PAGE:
Reforming an Antiquated Sales Tax Perk for Big Retailers

Download a PDF Version of this Briefing Paper

Governor Corbett proposes to retain Pa.’s sales tax vendor discount for small businesses while limiting million-dollar windfalls for the state’s largest retailers

Pennsylvanians pay sales tax on numerous purchases, but few of us realize that the store collecting the tax gets to keep a portion of it. This discount provided to vendors for the timely payment of sales tax is a relic from the days when small retailers had to collect sales receipts by hand and write checks to the state. New technology has rendered this discount obsolete and too expensive for Pennsylvania. Many states have already eliminated or capped their vendor discounts. Governor Tom Corbett has proposed that Pennsylvania reform its vendor discount by enacting a reasonable limit on how much any one retailer can receive.

Pennsylvania is one of 28 states that provide a vendor discount to compensate retailers for collecting the sales tax and submitting it to the state in a timely fashion. Of these, 16 states have imposed a cap on just how much of a discount a vendor may receive.

Under Governor Corbett’s plan, Pennsylvania’s vendor discount would be limited to $250 per month for each sales tax filer beginning July 1, 2012. The vast majority of business, 98%, would continue to receive the same discount, while only the state’s largest retailers, like Wal-Mart, Best Buy and Home Depot, would be affected by the cap.

Costly for Pennsylvania, a Windfall for Big Profitable Corporations

The sales tax vendor discount cost Pennsylvania nearly $71 million in 2011-12. Over $10 million of this goes to a handful of companies. In the past two years, five companies have averaged sales tax vendor discounts of $1 million per year or more, while another 11 exceeded $500,000 per year.  

These companies are huge. To get a sales tax vendor discount of $500,000 in a year, a company must have at least $833 million in sales subject to tax in Pennsylvania. A 2008 report by Washington, D.C.-based Good Jobs First, Skimming the Sales Tax: How Wal-Mart and Other Big Retailers (Legally) Keep a Cut of the Taxes We Pay on Everyday Purchases, estimates Wal-Mart’s share of Pennsylvania’s vendor discount at $3.1 million.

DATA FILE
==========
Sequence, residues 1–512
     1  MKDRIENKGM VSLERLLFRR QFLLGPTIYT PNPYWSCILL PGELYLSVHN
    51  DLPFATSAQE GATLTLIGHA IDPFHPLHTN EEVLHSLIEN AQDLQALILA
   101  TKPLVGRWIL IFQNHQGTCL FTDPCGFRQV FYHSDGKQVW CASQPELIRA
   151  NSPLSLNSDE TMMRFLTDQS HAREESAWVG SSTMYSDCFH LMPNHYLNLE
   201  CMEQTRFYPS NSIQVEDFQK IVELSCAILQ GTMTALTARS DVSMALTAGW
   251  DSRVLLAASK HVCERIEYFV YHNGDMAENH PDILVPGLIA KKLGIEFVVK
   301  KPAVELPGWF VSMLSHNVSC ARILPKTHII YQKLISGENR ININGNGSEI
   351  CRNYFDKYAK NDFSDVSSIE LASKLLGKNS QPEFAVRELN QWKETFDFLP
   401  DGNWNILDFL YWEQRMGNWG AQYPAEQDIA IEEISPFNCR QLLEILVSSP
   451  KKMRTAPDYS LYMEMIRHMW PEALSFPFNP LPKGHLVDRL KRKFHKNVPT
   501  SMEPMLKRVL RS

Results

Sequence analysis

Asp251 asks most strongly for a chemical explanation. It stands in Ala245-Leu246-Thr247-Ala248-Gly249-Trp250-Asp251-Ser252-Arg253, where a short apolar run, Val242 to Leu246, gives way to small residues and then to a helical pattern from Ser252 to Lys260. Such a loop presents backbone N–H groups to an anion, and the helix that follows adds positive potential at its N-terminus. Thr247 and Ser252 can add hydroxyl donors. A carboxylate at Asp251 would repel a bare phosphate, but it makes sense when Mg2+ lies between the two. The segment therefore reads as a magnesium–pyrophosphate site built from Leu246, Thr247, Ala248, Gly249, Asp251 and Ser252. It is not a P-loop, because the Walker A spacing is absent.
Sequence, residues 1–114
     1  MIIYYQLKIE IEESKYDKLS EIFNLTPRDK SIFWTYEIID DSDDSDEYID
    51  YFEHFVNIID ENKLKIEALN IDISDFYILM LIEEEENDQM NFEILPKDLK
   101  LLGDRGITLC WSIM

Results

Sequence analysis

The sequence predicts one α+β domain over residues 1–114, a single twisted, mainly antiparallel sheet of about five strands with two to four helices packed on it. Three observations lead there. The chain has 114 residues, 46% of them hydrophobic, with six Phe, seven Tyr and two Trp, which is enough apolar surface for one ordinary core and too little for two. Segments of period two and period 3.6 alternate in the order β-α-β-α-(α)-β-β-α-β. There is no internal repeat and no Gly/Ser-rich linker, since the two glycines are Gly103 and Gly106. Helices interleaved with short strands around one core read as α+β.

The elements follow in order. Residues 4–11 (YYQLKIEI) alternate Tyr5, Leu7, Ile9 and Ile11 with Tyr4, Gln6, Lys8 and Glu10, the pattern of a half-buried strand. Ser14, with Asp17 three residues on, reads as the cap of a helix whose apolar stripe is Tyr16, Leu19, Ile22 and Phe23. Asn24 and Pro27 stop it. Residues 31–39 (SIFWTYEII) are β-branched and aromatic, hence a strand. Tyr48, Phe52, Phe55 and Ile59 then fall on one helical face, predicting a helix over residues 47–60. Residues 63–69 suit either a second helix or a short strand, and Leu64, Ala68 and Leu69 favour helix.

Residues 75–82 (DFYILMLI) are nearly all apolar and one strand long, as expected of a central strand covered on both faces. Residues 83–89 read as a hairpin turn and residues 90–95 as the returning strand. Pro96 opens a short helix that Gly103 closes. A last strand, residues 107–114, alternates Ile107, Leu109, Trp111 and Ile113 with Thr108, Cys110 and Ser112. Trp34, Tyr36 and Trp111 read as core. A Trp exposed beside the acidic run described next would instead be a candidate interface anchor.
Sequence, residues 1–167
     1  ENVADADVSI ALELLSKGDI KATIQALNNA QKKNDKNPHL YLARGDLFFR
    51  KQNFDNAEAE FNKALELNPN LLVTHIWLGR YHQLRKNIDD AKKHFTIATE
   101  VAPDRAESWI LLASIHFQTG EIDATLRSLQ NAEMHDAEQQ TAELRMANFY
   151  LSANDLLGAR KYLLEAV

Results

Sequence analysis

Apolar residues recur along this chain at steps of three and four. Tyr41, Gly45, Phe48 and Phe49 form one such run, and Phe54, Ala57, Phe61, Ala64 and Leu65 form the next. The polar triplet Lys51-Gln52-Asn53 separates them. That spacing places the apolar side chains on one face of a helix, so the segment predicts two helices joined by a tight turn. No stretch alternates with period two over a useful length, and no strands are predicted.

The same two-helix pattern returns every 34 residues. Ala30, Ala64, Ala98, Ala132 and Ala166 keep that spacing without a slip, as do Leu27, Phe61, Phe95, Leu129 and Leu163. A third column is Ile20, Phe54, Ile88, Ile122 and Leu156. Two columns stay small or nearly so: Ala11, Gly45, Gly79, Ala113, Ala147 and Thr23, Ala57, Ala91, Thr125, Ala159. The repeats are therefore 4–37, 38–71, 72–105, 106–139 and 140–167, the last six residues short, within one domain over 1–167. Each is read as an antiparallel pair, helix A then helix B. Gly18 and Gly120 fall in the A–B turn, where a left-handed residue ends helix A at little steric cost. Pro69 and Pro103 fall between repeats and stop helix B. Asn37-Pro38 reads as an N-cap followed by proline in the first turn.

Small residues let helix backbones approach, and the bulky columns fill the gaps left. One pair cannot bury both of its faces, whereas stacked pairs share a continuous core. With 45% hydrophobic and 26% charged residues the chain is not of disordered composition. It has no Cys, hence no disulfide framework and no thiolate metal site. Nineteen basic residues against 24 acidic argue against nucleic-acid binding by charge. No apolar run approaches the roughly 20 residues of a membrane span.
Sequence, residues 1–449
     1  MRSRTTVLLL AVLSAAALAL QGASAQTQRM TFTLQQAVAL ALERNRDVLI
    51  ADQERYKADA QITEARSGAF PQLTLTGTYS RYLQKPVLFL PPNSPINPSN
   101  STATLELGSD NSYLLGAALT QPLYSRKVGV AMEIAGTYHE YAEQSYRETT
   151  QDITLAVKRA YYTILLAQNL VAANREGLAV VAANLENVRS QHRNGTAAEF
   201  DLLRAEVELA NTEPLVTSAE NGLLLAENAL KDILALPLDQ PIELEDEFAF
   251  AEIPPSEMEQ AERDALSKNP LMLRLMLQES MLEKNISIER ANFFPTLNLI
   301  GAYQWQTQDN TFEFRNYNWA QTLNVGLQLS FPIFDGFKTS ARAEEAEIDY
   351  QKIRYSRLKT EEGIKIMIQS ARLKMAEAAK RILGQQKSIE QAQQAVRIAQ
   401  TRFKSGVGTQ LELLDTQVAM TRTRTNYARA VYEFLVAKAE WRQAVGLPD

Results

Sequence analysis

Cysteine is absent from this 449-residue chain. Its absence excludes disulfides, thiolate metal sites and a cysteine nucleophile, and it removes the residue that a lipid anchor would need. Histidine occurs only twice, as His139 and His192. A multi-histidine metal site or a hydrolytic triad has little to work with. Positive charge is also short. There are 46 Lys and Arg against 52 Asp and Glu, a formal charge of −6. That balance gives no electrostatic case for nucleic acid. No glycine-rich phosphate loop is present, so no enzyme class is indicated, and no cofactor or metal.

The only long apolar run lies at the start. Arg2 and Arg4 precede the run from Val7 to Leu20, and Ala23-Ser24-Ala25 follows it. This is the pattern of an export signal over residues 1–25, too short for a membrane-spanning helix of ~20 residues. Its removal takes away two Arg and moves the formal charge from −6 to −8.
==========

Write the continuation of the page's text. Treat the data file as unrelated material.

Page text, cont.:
Small businesses, by contrast, received only a few dollars from the program. In October 2011, 74% of all monthly filers received $50 or less, while another 16% received nothing. 

PA Vendor Discount Third Most Costly in the Nation

The Good Jobs First report found that Pennsylvania ranks third among the states in revenue lost from its sales tax vendor discount program, trailing only Illinois and Texas. This is largely because Pennsylvania has no cap on how much any one vendor can keep from the discount. 

Corbett Proposal Responsibly Reins in Vendor Discount

The sales tax vendor discount was conceived in a time before computers, when retailers had to keep track of sales tax collections on paper. Technology has streamlined that process for many companies, rendering the discount obsolete.

The Governor’s proposal limits the discount any company can receive to $250 per month. This change would have little to no impact on small businesses. Had such a cap been in place in October 2011, only 2% of monthly tax filers would have been affected. By contrast, reforming the vendor discount would save the Commonwealth $41 million in 2012-13. 

At a time when the commonwealth has made deep cuts to public schools and universities, health and human services, and investments in local communities, Pennsylvania should not be giving away millions in sales tax revenue to billion-dollar corporations. Capping the vendor discount preserves the incentive for small businesses while limiting how much big companies can collect. It is a common sense reform that should be included in the 2012-13 budget agreement.

Table 1. Monthly Sales Tax Vendor Discounts by Range – October 2011

Monthly Credit Filers Percent of Filers Sales Tax Collected ($ millions) Percent of Collections
$0 23,525 16.0% $18.9 2.9%
$1-$250 120,619 82.2% $206.9 32.3%
$251-$10,000 2,518 1.7% $237.2 37.0%
$10,001-$20,000 41 0.0% $55.4 8.6%
$20,000-$50,000 14 0.0% $43.3 6.8%
$50,000+ 8 0.0% $79.5 12.4%
Total 146,725   $641.2  

Source. Pennsylvania Department of Revenue

“At a time when state and local governments are facing a fiscal crunch, policymakers should take a hard look at retailer compensation practices. This legal skimming is depriving governments of desperately needed revenue.”
                                                                               — Good Jobs First Executive Director Greg LeRoy